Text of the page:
Free Horace Peterson

Free Horace Peterson


  By Gabe Gutierrez

(05/20/09)–A Flint family is fighting for a man they say has been wrongfully locked up for decades.

Horace Peterson’s relatives rallied in Lansing on Wednesday as part of group called Fundamental Fairness First!  It argues 178 state inmates are in legal limbo.

To the Michigan prison system, he is inmate number 136503.  To Jacqueline Peterson, he is the brother she’s been missing for 36 years.

“I remember him very well,” she said.  “He was my big brother.”

“He may have been living a fast life, but he was not a murderer,” Jacqueline said.

Seven years later, the Michigan Supreme Court reinterpreted the law, ruling prosecutors needed to prove “malice” for felony murder convictions.

But that ruling wasn’t retroactive.

Peterson’s family argues he — and many other inmates — have been locked up too long.

“I just miss him,” said his father, David Peterson.  “And me and his mother, we’re getting up in age. We just hope he gets a chance to get out while we’re alive.”

Some of the families have been fighting the legislature for more than 20 years.

A House bill failed last year.  The group is also organizing an online petition drive.

“He left when I was three years old,” said Peterson’s daughter, Onquette Woodyard.  “Seeing him every day and then just not seeing him at all. That’s just traumatizing for a child.”

The group argues releasing these 178 inmates would save Michigan taxpayers several million dollars a year.

A Michigan Department of Corrections spokesman says the department is merely carrying out the sentence imposed by the courts.

Free Horace Peterson

Free Horace Peterson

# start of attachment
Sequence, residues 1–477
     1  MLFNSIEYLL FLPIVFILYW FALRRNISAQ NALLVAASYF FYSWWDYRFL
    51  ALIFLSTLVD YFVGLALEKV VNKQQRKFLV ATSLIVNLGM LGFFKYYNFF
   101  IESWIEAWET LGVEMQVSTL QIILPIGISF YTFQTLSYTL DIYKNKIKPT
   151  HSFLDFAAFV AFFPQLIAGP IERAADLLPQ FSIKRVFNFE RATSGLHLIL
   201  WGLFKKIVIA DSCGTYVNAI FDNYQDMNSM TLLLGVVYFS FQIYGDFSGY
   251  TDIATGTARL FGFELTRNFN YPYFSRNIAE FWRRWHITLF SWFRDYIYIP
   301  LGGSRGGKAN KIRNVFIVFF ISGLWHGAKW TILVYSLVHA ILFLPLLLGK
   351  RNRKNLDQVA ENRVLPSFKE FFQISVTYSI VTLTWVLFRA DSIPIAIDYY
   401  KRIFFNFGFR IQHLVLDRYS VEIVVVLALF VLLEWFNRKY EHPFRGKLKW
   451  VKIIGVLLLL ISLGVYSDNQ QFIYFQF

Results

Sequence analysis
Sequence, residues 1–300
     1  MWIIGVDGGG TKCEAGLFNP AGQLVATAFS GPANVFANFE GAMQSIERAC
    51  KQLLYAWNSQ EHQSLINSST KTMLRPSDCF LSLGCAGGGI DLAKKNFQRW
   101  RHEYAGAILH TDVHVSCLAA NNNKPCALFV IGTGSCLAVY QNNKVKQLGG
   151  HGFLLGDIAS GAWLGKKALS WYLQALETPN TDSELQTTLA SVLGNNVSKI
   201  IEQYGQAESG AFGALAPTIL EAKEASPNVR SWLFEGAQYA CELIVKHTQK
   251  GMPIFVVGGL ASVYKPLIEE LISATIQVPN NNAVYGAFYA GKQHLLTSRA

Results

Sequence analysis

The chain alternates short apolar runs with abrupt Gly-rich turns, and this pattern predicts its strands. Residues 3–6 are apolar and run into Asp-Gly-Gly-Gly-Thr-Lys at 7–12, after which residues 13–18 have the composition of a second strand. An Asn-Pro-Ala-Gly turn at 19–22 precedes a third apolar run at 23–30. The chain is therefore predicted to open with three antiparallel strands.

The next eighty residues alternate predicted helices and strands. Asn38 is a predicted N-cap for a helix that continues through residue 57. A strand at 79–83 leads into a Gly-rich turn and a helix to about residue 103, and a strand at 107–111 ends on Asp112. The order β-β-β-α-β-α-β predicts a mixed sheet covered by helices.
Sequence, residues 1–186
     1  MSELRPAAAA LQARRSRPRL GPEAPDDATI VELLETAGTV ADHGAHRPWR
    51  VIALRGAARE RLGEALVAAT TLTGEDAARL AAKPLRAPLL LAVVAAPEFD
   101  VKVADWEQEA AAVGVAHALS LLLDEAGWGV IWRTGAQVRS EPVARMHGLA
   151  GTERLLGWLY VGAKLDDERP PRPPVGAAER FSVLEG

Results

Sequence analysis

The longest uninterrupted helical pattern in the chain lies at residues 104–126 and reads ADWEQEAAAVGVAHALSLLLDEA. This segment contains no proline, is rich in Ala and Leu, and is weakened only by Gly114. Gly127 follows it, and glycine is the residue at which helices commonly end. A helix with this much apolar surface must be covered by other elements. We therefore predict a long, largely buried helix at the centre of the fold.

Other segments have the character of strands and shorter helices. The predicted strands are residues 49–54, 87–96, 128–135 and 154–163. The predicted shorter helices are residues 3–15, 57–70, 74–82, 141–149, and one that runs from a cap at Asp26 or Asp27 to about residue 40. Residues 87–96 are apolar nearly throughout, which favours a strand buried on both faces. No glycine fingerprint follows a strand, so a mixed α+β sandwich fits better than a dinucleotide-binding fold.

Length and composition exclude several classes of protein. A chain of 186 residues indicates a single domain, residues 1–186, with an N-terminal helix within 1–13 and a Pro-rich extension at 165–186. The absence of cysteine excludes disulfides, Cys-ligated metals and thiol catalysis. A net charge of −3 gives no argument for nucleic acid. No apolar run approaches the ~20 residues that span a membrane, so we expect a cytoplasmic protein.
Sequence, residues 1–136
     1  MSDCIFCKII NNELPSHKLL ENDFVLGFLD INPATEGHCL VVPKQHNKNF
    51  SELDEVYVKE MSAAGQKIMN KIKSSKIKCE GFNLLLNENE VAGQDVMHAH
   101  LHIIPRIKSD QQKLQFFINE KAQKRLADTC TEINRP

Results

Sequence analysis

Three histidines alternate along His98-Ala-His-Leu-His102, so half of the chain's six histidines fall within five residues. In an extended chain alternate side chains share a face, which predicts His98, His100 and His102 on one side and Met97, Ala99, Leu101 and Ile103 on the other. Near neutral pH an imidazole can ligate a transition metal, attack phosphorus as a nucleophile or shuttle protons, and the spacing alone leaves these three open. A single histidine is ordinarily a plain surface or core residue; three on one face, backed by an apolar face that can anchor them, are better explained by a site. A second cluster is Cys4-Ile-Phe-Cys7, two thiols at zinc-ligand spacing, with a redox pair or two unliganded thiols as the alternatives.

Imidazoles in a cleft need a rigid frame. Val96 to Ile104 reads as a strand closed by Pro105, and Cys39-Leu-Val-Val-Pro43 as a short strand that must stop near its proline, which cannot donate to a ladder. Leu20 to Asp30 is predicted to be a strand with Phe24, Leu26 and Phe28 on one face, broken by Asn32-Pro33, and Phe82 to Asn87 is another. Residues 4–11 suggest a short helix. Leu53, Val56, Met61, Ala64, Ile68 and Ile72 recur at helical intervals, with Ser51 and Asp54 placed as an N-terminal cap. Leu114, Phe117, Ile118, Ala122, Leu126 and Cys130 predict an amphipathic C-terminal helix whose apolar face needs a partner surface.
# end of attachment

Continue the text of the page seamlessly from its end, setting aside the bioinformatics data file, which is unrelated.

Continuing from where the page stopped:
*This story has nothing to do with sports or entertainment but it is the story of my grandfather who has been wrongly incarcerated for over 30 years! Read the story that the The Flint Journal ran and if you would like to help please sign the petition for him at! click on the pic to view the story at

by Shannon Murphy | The Flint Journal More than 35 years ago, Horace Peterson was sentenced to life in prison for first-degree murder for his part in a Flint robbery that turned into murder.

Thursday May 21, 2009, 3:14 PM

FLINT, Michigan —

Now, his family says that charge violates Peterson’s constitutional rights and they are fighting for his release.


It was 1973 and Peterson, then 18, tagged along with a friend to a local music store.

His sister Jackie Peterson said her brother didn’t know there was a robbery planned and never even saw anyone get shot and killed.

“Because my brother was there, he was convicted,” she said.

But when he was convicted, the prosecution didn’t have to prove malice or intent on felony and first-degree murder charges. It wasn’t until seven years later, in 1980, that the Michigan Supreme Court ruled it was unconstitutional to issue those charges without intent.

The change, called the Aaron Ruling, wasn’t retroactive and anyone charged prior to that remained incarcerated.

“We believe he’s being held unconstitutionally against his rights,” Jackie Peterson said.

Nearly 200 other Michigan people remain in prison on what the Detroit-area group Fundamental Fairness First calls unconstitutional charges.

The Peterson family has joined the group and on Wednesday participated in a march and protest in Lansing. Another march is planned for mid-June. The family does not have a lawyer, but Jackie Peterson said they are looking into filing a lawsuit.

But getting prisoners freed under the Aaron Ruling has not been popular with law enforcement officials.

Genesee County Prosecutor David Leyton said just because someone was convicted under the wrong charge doesn’t mean they are innocent and should be freed.

“I always think about the victims in these matters,” he said. “The victims have rights too, you can’t overlook them.”

Jackie Peterson said having her brother in jail for most of his adult life has taken its toll on her family. She said her brother tries to stay positive, but believes he should have been released.

Horace Peterson has a daughter when he was incarcerated and now has two grandchildren he doesn’t see often.

Jackie Peterson said she understands law enforcement concerns, but thinks the sentences are too harsh. She points to the fact that her brother now is in his 50s and the odds of him committing a crime once released are slim.

“He was my big brother,” she said. “I always looked up to him. He was caring and a protector. He would be a great mentor to his nieces and nephews by telling them his story and helping them stay out of trouble.”